Andy McDonald speech at the Institute for Government
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Andy McDonald MP, Labour’s Shadow Secretary of State for Transport, speaking at Institute for Government said:
Thank you, Cath for inviting me to speak today, and thanks to all our distinguished guests from politics, business, academia, the media, and many other fields, for taking the time to be here today.
I’d like to thank the Institute, its fellows and members for the important work you do in our public life. The need for proper analysis and discussion of the job of government has never been greater.
I’m also pleased to be here this morning for this reason.
This year marks a century since the Ministry of Transport was set up in 1919 at the end of World War One under the government of Lloyd George. Supported by Winston Churchill, the Liberal Prime Minister wanted to nationalise the railways and bring them into the Ministry. Yet they were thwarted by the motoring lobby who worried that the railway interest would dominate. And, of course, there are echoes in the discourse today a century later.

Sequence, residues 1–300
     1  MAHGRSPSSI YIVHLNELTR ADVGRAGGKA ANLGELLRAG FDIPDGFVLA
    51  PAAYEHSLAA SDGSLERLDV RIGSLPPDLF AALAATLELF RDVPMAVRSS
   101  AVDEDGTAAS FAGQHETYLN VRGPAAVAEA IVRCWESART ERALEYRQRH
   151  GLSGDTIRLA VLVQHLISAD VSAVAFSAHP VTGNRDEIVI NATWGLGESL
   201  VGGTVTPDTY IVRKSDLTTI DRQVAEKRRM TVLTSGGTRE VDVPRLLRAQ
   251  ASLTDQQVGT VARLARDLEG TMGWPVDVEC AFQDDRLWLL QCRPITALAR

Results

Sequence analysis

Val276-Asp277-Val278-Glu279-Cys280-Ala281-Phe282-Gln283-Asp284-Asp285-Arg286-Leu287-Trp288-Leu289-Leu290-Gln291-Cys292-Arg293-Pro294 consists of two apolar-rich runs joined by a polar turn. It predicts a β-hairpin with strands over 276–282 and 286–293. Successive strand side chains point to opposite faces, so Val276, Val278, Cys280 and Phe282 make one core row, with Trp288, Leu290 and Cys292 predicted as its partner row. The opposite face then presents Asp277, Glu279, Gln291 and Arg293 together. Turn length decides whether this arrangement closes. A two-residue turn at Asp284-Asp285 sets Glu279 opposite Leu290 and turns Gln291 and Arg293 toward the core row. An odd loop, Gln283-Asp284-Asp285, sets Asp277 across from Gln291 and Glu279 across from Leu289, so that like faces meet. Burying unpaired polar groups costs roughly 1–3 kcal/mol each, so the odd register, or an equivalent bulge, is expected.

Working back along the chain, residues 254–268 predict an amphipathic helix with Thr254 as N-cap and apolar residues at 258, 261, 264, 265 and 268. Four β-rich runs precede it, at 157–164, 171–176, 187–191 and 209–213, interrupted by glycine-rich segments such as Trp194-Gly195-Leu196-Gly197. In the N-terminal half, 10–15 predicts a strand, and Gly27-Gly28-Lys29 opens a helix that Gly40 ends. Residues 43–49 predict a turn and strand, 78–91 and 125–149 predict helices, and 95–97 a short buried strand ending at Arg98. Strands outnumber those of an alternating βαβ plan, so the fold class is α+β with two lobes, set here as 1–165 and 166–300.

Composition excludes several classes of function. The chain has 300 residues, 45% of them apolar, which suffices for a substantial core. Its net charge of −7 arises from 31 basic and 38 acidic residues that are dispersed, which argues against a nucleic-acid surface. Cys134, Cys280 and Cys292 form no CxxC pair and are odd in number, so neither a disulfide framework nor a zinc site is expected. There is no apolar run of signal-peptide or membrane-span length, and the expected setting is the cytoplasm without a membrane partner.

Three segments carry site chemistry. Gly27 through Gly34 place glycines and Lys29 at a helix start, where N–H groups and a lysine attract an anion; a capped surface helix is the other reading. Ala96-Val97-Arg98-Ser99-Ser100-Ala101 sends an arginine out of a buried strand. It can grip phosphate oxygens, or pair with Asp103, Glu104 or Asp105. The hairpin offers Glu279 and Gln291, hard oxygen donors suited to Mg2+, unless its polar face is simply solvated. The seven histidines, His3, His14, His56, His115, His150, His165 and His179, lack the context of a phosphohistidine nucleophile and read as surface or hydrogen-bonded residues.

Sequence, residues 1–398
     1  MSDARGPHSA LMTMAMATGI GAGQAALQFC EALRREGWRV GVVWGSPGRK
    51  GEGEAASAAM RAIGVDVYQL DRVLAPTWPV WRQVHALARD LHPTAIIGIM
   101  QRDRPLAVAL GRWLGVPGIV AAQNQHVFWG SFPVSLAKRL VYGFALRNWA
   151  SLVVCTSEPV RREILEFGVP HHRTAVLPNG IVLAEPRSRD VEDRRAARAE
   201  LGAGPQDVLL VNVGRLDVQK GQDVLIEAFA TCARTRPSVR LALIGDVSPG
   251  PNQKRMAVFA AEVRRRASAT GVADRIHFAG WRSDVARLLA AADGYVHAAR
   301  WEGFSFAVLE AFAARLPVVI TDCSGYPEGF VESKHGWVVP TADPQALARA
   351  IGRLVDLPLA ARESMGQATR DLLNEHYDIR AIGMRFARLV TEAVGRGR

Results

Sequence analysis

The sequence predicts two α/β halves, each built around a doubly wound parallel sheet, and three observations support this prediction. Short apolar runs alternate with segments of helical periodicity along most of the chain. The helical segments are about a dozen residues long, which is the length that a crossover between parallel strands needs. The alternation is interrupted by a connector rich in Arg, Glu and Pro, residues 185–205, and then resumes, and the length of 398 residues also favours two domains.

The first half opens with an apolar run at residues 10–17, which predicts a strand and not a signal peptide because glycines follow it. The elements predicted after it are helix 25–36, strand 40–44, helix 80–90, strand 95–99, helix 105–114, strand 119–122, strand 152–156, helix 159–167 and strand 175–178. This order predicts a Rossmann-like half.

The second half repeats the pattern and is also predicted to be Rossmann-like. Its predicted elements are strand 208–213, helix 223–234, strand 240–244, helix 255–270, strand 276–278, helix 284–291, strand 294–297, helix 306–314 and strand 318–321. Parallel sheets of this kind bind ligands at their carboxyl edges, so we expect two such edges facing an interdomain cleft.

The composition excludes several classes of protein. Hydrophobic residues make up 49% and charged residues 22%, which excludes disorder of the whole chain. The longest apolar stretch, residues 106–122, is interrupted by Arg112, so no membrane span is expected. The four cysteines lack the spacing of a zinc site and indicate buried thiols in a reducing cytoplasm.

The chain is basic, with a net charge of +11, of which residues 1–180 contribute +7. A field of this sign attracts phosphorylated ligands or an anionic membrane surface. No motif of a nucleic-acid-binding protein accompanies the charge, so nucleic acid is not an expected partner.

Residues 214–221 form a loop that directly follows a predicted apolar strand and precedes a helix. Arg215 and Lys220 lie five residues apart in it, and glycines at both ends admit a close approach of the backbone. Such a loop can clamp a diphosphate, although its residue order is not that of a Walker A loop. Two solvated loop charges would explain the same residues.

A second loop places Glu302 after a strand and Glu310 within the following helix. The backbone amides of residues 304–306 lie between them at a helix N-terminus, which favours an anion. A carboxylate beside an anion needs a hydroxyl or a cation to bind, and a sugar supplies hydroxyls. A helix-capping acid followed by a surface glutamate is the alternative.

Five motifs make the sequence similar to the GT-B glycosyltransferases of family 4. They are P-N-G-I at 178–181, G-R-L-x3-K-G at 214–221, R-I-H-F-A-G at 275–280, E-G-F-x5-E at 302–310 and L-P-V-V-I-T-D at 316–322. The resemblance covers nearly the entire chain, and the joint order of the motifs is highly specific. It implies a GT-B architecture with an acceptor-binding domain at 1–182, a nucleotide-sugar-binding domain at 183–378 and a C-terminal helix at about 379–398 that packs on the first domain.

So, the formal establishment of the Ministry of Transport within the UK’s system of government came much later than many of the other great offices of state.
Surprising, you might think, that it took so long to bring all the modes of transport into a stand-alone ministry. Transport had been around for a while before 1919. But perhaps that is precisely the point. That lowly birth of the Ministry of Transport says something about the priority it was given and perhaps has had within government in the subsequent decades- Something of an afterthought.
Indeed, transport was absorbed in, and then back out again, of Departments of the Environment at various times under both Labour and Conservative governments. And the churn rate of transport ministers is higher than other areas of Whitehall. The job has often been regarded as a perch on the way up or down the ministerial ladder. Chris Patten.
Well, that perception is changing, and I’d like to accelerate that change.
As we approach the third decade of the 21st century there is a renewed sense of purpose about the role and value of transport in the economic and social life of this country. I intend to look at why this is so in my remarks to you today and how these changes will reflect Labour’s priorities for the Department.
But first I’d like to consider the legacy of the last Labour government’s transport policy. There are many positives and much to be proud of.
We didn’t blink in the face of the calamity which was the collapse of Railtrack in the autumn of 2001. The decisions Labour took then saved the railway from total system collapse.
We agreed the settlement for rail investment and long-term finance which – despite what the Conservatives say – laid the foundations of future growth to this day. We sowed the seeds of Crossrail, devolved transport, company car tax reforms and the advent of congestion charging.